The Vaduz-based firm’s success is not limited to its home nation; it has been expanding its footprint globally. This month, LGT Group acquired Abrdn Plc’s discretionary fund-management business in the UK and Jersey, adding to its list of external investments since 2021.
Olivier de Perregaux, the CEO of LGT Private Banking, revealed, “We continue to look for opportunities, but we are primarily focusing on organic growth.”
LGT’s impressive growth mirrors the resurgence of Liechtenstein, which has shifted from being notorious as a tax haven to a thriving financial hub. The firm more than doubled its AUM and operating income over the past decade, bouncing back from challenges following the 2008 financial crisis.
The acquisition of talent has also played a crucial role in LGT’s ascent. The firm has been actively recruiting former Credit Suisse staff, especially after the collapse and acquisition of Credit Suisse by UBS Group AG.
This has contributed to a significant increase in LGT’s headcount, which now stands at approximately 5,000 employees.
Prince Hans-Adam’s wealth has also been on the rise, propelling him to the position of Europe’s richest royal. As the sole beneficiary of LGT, he is now ranked as the 215th richest person globally, with a fortune estimated at around $9.2 billion, a remarkable 71-spot jump since the beginning of the year.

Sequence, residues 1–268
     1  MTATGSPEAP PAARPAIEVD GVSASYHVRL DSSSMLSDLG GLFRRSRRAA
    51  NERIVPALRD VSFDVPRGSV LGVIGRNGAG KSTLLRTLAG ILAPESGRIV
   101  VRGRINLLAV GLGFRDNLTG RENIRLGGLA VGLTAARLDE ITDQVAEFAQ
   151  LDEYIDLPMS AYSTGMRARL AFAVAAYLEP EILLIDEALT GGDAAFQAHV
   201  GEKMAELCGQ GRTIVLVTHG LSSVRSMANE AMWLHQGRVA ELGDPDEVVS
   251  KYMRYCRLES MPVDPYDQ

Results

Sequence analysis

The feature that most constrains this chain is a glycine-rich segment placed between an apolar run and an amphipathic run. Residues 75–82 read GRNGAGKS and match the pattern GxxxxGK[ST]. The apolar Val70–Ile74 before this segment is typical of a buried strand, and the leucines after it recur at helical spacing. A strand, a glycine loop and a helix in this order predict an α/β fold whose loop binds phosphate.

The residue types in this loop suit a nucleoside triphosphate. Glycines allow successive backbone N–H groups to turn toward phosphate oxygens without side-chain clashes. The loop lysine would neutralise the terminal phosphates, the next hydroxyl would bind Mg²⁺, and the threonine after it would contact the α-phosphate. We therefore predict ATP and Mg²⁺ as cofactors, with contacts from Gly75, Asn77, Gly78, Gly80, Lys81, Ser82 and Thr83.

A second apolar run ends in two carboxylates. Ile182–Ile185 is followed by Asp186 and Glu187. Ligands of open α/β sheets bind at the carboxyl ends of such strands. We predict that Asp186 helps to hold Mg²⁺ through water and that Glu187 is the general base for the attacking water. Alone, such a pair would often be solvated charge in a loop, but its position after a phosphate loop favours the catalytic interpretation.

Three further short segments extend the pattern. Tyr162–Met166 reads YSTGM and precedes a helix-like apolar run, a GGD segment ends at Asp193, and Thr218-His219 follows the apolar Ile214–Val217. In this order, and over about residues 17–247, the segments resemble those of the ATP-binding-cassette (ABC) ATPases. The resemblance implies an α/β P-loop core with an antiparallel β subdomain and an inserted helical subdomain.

Unlike other European monarchs, Prince Hans-Adam personally owns the family’s most valuable assets, making it the oldest fortune on Bloomberg’s wealth ranking.
The origins of this wealth date back to the 12th century when the family acquired land across what is now Germany, Austria, Hungary, and the Czech Republic.
LGT itself was established in 1921 and acquired by the royal family during the Great Depression.
Under Prince Hans-Adam’s leadership, LGT expanded internationally, opening its first international branch in Hong Kong in 1986. Besides LGT, the royal dynasty also owns land, real estate, and an extensive art collection, with the finance empire serving as the driving force behind their fortune.
Liechtenstein’s transformation from a secretive tax haven to a transparent financial center has further bolstered LGT’s success. While the bank faced challenges during the 2008 tax evasion scandal, it rebounded in 2010 and has been on a steady growth trajectory since.
With Prince Hans-Adam’s son, Max, now serving as the chairman of LGT Group, and the family actively involved in major financial decisions, the future appears promising for this enduring royal finance empire.
LGT’s commitment to growth, both organically and through strategic acquisitions, suggests that Liechtenstein’s royal legacy in the world of finance is far from fading.